Some (actually, most) people who suffer with clinical depression can’t just “get up and go outside” like others think they can. It’s not easy at all. If you haven’t suffered from depression, you have absolutely no say in how someone takes care of themselves during a depressive episode. You don’t know what it feels like to hate yourself so much that you want to die. You don’t know what it feels like to hate yourself so much, you don’t feel as if you’re worth even getting out of bed. That feeling, that empty, worthless feeling, is real. “Getting up and going outside” is not easy, and people need to stop saying it as if it is.

Stop making people feel bad for what works for them. If a pill is what makes them feel normal, then so be it. Antidepressants are designed to help people feel like getting out of bed and trying to live normal lives. Antidepressants are not a “lifelong addiction,” so stop spreading those lies to people that will believe you. Nature is not an automatic fix for depression, but it helps a lot. I can speak for it. But it may not be an automatic fix for other people, so stop making them feel bad about it.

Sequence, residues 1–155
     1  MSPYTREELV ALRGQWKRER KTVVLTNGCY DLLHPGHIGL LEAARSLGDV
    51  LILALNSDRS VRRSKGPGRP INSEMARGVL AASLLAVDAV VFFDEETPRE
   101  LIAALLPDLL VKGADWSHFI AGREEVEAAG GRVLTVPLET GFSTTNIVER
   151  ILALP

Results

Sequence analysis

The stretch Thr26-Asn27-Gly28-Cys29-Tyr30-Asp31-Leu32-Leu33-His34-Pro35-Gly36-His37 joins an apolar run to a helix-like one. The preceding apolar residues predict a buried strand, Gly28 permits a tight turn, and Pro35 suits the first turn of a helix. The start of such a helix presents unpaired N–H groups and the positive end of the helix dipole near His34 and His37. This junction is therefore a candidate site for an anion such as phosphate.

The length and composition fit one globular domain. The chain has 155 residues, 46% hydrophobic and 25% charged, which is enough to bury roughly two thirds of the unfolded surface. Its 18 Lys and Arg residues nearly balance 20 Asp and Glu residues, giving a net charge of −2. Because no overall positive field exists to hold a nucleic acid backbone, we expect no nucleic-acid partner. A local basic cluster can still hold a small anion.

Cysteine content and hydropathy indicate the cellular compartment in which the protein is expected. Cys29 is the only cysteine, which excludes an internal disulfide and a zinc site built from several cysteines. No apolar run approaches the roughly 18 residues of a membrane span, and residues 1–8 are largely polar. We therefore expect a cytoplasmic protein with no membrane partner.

What works for you may not work for others. Stop judging people for it. Millions of people in the world take antidepressants, but people who spread the horrible stigma surrounding them and mental health as a whole truly are scum of the earth.